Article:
Difference in Effective Corporate Tax Rates and Tax Reform: What Does it Mean for Different Industries?

At a recent event sponsored by the American Council for Capital Formation, I had the opportunity to brief those present about the effective corporate tax rate for my employer, Con-way Inc., a Fortune 500 Trucking and Logistics Company. Our effective rate approaches 40% (which includes federal, state and foreign income taxes) and is similar to that of our competitors. As I listened to other industry representatives speak about effective corporate tax rates in their various industries, it dawned on me that the difference in effective corporate tax rates can result in capital flows into industry sectors much like the difference national corporate tax rates have on capital flows between nations.

Up to this point, much of the discussion of corporate taxes has focused on the difference between worldwide tax rates and how capital flows tend to gravitate towards countries where returns on investment are enhanced by lower corporate taxes. If the global competition for capital is real, then it stands to reason that competition among industry sectors for capital is real as well. Much of the difference between industries is in some ways inadvertent – the cumulative result of years of tax policy changes. This greatly increases the complexity of corporate tax reform as corporations paying an effective rate that is less than the 35% US statutory rate will fight to keep their lower effective rate — and those paying more will do the opposite.

This is fairly easy to visualize and is not surprising. What is less clear is the effect that changes in effective rates, resulting from corporate tax rate reform, will have on capital flows to and from various industry segments. Using Con-way as an example, if the US corporate rate is reduced from 35% to 25% (even with a loss of some traditional deductions) Con-way’s effective rate would be reduced substantially. This reduction would increase earnings per share, resulting in increasing share price and market cap. In other words, more capital would flow into Con-way. If results are similar for the entire industry (and they should be), capital would flow into that industry. And of course, the results will depend on where each industry will end up as a result of lower rate and loss of capital cost recovery provisions.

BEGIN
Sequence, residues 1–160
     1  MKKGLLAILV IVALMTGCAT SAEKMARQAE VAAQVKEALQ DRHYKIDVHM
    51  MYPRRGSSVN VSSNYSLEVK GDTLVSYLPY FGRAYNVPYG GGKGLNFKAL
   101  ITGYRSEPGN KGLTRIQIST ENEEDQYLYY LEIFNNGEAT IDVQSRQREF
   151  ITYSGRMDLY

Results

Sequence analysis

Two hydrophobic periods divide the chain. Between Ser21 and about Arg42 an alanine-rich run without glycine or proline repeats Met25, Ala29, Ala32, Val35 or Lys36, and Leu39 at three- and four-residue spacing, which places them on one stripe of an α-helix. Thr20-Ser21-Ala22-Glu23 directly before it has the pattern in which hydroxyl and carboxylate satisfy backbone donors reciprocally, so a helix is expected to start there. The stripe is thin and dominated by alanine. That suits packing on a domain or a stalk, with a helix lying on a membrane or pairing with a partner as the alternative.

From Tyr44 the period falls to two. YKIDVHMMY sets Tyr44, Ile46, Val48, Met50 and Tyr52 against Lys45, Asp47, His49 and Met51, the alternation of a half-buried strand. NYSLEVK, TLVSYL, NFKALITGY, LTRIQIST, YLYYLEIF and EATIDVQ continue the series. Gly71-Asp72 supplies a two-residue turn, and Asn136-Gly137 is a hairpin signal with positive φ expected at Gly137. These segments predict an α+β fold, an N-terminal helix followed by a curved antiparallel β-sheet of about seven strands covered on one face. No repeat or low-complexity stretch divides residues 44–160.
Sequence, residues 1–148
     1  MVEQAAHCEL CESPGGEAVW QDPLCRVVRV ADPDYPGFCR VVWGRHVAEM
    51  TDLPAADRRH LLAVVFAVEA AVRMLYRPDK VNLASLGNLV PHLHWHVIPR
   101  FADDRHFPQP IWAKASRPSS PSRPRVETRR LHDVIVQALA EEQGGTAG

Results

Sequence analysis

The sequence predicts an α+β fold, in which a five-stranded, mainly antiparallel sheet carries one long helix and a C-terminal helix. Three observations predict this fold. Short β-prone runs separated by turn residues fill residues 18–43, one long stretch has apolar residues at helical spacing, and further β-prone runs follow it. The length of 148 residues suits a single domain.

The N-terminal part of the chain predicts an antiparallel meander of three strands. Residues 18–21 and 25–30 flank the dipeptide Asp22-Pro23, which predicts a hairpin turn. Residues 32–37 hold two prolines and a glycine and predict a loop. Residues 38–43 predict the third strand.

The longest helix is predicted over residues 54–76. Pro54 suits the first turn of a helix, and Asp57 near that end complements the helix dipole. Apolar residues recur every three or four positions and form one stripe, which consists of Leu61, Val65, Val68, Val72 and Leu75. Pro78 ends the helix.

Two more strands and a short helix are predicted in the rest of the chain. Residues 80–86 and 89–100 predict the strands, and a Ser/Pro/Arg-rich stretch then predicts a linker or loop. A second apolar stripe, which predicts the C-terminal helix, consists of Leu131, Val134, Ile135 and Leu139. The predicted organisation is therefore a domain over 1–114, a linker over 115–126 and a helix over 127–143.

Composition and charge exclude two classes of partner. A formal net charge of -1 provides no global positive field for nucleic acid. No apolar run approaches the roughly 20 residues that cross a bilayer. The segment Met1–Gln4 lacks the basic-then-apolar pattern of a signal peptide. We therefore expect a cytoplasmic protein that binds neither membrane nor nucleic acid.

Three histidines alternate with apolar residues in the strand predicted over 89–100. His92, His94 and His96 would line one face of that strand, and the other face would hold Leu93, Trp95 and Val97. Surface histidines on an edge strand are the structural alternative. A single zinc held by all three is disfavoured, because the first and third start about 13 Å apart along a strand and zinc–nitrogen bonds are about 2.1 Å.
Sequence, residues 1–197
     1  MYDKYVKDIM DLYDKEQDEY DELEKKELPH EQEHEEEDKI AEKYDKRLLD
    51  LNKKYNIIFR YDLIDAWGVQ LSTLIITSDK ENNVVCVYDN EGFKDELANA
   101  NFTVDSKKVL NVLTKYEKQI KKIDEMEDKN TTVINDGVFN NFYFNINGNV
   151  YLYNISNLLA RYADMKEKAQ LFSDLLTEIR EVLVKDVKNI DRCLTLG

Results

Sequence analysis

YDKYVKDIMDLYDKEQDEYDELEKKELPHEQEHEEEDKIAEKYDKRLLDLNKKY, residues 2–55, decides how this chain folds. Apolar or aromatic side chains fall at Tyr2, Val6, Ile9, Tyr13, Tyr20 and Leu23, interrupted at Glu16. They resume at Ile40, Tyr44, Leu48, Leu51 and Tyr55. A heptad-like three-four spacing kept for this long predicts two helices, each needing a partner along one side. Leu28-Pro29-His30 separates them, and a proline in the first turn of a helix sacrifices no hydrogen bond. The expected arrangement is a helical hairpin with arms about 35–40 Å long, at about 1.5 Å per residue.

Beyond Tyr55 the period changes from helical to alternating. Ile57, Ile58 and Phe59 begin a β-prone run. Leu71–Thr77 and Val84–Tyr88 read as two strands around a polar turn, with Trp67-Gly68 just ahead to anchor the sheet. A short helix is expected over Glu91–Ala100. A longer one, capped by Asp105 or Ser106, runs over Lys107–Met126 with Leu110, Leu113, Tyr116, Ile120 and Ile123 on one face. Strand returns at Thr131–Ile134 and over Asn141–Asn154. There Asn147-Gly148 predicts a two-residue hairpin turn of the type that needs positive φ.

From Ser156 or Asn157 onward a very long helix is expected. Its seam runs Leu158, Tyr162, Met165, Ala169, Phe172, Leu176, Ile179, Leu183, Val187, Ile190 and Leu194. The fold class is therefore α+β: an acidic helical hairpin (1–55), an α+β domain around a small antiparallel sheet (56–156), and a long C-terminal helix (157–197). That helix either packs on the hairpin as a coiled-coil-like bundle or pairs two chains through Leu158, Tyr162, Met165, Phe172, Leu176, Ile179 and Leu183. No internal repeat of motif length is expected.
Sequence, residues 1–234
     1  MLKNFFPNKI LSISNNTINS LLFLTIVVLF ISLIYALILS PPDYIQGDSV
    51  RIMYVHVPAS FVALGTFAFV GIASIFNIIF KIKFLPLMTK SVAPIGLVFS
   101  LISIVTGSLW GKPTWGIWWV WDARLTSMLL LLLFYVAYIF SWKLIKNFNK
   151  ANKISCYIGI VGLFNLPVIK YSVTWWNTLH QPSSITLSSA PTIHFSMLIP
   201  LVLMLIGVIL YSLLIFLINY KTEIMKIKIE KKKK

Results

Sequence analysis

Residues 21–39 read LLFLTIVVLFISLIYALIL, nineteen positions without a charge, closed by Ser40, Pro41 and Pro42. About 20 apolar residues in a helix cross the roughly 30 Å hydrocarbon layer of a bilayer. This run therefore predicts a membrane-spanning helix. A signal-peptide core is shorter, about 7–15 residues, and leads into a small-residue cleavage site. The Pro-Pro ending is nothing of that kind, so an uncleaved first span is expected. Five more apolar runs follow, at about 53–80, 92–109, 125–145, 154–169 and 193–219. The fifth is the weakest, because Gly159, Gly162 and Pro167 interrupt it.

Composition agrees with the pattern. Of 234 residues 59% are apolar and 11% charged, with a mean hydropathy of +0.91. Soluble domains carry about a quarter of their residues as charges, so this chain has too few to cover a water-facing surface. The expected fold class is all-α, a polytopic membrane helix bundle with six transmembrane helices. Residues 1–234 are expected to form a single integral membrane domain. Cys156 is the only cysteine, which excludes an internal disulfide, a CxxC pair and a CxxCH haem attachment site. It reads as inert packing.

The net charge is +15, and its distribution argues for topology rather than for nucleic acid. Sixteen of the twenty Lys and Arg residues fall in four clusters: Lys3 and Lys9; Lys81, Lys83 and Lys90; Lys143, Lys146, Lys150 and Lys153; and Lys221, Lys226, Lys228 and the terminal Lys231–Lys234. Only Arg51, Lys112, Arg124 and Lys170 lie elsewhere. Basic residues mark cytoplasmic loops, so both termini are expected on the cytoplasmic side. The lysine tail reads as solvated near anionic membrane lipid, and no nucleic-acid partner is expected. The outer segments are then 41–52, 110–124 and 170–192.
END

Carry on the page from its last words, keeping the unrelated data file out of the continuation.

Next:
What is harder to quantify is the effect on wages and job creation. The New York Times May 25, 2013, Sunday Review illustrates the differences in effective rates by industry for the entire Fortune 500 in Across US Companies, Tax Rates Vary Greatly. Though it includes international as well as domestic taxes, it is fairly obvious that effective rates vary dramatically among industry segments. This disparity is created by the US tax code as lawmakers over the years attempted to use tax policy to encourage growth and job creation in particular industries through a variety of tax incentives. It really is true that you get what you incent! The practical effect has been the creation an uneven playing field across industries within the US, including a corresponding effect on capital flows to the advantaged segments.
Thoughtful corporate tax reform could have a positive effect on middle class job creation and increased middle class wages by encouraging capital to flow into industry segments where those jobs traditionally exist (i.e TruckingThis notion certainly does complicate the issue of any corporate tax reform. On the other hand, it illustrates the importance of looking at the flow of capital to and from various domestic industry segments. Not simply to determine effective tax rates but to determine the effect on middle class job creation and middle class wages.

The US corporate tax structure is intricately entwined with various industries’ capital structures, accounting methods, ability to operate internationally, and a myriad of other variables. It will take a Herculean effort on the part of our lawmakers to achieve meaningful corporate tax reform. Much has been published about the difference between US corporate tax rates and those of other nations and the effect it has on capital attraction and job creation. Recently there has been discussion about the difference in effective corporate tax rates between industries and the ensuing fights among industry advocates to maintain their relative tax advantage. Little thought has been given to the effect of domestic capital flows on middle-class jobs and middle-class wages. I am hopeful that conversation has just been expanded.

Randy Mullett

C. Randal (Randy) Mullett is Vice President, Government Relations and Public Affairs, for Con-way Inc.

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